The idea that Alzheimer’s disease might be a kind of diabetes has been floating around the research community for a number of years. Now it’s beginning to garner some media attention. Here is a 2008 paper that explains the hypothesis:
‘For nearly three decades of relatively intense research on AD, the inability to interlink this constellation of abnormalities under a single primary pathogenic mechanism resulted in the emergence and propagation of various heavily debated theories, each of which focused on how one particular component of AD could trigger a cascade that contributes to the development of all other known abnormalities. However, reevaluation of the older literature revealed that impairments in cerebral glucose utilization and energy metabolism represent very early abnormalities that precede or accompany the initial stages of cognitive impairment1 and led us to the concept that impaired insulin signaling has an important role in the pathogenesis of AD and the proposal that AD represents “type 3 diabetes.”’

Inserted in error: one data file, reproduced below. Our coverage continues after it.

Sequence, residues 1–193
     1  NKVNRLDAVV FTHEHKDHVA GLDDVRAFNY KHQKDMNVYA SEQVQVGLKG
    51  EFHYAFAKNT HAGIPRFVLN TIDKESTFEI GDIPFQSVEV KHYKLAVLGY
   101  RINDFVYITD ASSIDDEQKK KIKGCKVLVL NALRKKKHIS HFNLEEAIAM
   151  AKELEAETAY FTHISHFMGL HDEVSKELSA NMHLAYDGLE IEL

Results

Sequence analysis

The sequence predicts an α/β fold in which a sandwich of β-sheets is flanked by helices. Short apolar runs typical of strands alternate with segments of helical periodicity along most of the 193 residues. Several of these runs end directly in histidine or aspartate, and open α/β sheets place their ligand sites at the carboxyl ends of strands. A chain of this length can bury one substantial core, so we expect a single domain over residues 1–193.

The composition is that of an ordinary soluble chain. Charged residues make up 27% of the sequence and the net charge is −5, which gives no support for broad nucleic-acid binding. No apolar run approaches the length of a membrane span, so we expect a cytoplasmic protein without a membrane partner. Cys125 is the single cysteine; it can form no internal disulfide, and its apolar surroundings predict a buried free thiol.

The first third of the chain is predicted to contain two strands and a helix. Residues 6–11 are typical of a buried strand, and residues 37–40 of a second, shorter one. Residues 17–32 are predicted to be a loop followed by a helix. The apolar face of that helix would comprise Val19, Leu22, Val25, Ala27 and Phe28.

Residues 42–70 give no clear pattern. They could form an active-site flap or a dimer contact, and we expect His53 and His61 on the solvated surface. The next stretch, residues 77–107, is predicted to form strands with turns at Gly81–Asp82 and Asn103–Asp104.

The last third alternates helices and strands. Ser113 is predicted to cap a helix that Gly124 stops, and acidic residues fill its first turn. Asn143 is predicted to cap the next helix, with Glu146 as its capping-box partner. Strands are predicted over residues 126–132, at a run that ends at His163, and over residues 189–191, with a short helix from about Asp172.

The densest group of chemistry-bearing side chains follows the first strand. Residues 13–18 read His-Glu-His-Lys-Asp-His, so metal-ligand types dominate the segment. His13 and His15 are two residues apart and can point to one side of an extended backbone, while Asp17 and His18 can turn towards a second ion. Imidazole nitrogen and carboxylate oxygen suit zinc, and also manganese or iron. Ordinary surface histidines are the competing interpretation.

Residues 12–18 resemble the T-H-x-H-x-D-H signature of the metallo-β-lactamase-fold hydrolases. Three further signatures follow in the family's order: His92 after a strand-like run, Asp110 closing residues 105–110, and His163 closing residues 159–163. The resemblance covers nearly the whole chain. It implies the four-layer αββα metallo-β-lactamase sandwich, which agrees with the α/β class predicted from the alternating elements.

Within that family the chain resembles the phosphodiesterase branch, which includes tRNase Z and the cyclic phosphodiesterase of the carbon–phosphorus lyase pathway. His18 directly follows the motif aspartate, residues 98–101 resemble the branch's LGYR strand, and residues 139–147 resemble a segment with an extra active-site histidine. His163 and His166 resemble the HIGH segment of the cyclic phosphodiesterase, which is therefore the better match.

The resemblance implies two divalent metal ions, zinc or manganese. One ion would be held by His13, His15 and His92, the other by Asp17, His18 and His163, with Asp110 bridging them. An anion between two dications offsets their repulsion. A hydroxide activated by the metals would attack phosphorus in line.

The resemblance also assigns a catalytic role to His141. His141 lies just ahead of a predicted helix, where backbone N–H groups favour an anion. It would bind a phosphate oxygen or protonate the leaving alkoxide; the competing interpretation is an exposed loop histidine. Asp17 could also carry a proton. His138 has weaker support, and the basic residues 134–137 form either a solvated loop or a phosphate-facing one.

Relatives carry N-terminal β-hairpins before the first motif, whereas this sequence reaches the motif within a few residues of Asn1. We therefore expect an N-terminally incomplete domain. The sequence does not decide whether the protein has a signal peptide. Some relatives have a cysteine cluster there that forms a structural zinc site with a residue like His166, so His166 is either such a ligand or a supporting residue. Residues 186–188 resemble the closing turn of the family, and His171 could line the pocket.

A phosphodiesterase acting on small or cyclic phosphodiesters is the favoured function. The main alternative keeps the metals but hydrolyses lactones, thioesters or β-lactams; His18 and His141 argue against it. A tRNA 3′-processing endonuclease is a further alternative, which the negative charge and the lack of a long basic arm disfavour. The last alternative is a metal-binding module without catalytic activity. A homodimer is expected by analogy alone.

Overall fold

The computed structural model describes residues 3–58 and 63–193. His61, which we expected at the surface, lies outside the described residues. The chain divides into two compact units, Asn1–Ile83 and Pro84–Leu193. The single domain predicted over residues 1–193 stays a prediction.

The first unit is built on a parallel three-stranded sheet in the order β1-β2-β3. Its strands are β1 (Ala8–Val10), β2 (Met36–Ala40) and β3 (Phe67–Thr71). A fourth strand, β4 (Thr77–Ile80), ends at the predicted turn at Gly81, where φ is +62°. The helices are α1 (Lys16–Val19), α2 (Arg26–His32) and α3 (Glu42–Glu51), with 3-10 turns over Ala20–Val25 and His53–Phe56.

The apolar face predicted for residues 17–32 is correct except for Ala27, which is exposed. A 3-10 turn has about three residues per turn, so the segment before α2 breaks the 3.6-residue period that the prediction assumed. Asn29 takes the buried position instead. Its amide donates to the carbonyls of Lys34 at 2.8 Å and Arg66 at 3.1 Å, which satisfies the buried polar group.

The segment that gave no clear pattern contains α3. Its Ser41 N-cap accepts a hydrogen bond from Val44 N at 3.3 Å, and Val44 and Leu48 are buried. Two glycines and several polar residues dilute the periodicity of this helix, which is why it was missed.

This suggests that the behaviors that protect against diabetes may also protect Alzheimer’s disease.